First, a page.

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May 19, 2015 0

The UK is experiencing its first month of deflation in 55 years. Official figures highlight that prices have fallen over the last 12 months, causing the first period of deflation since 1960. It is thought that cheaper food and fuel prices have eased pressure on family finances and is the main cause behind these falling figures.

Many analysts believe that interest rates will remain at rock bottom for the rest of the year; but what will this mean for you and your business?

Cost of Living Falls

Deflation brings about a price decrease in many products; such as food, fuel and other goods. This is promising for businesses who wish to invest or expand, as the cost of doing so comes down slightly. Overall, the cost of living will see a big decline, which can help many people who are currently struggling financially. Fortunately for UK citizens, it also means that our cash goes that extra little bit further. This can have a very positive impact on families and business owners due to the amount of pennies they save.

In the coming months we can expect to see many supermarkets and online shops battling it out for customers, trumping each other with their prices. This means you may see stores across the UK challenging others with their lowest prices. Around this time, people will feel like have more money in their pockets, which will then encourage them to spend more.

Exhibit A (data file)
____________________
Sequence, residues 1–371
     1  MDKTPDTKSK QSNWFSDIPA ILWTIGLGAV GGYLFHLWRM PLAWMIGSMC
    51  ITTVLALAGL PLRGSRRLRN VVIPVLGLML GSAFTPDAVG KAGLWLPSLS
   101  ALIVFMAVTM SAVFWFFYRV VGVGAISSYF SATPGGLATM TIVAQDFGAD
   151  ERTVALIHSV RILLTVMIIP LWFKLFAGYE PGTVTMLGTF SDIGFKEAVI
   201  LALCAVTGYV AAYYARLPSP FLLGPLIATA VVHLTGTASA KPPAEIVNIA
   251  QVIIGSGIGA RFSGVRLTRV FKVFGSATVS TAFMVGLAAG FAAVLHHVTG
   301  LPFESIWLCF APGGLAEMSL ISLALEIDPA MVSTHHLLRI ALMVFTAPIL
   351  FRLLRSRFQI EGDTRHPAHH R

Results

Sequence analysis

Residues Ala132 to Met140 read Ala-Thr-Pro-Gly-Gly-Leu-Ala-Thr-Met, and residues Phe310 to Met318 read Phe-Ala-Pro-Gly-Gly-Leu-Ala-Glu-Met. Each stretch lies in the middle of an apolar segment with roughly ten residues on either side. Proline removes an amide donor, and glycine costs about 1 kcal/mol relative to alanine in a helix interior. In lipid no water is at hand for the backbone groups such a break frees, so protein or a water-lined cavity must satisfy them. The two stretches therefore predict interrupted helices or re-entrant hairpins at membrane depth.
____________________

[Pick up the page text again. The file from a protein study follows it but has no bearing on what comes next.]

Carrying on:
Negative Economic Repercussions

Deflation does of course have negative repercussions, especially if this void in cash is not replaced by money from elsewhere. The lowering of prices means less money enters the economy and therefore the financial situation becomes worse for the country overall. If deflation does indeed continue to drop for a number of years, it can have almost everlasting effects on the economy.

Investment can slow down as businesses wait for cheaper prices around the corner and less money will enter the economy over time.

Normal Play Will Resume

Mark Carney, Governor of the Bank of England, has said that this is a temporary situation and we should “enjoy it while it lasts.” Before we realise it, prices will rocket again and normal play will resume. He believes that retuning inflation to the target of 2% will take gradual increases in rates of interest over the next 2-3 years.

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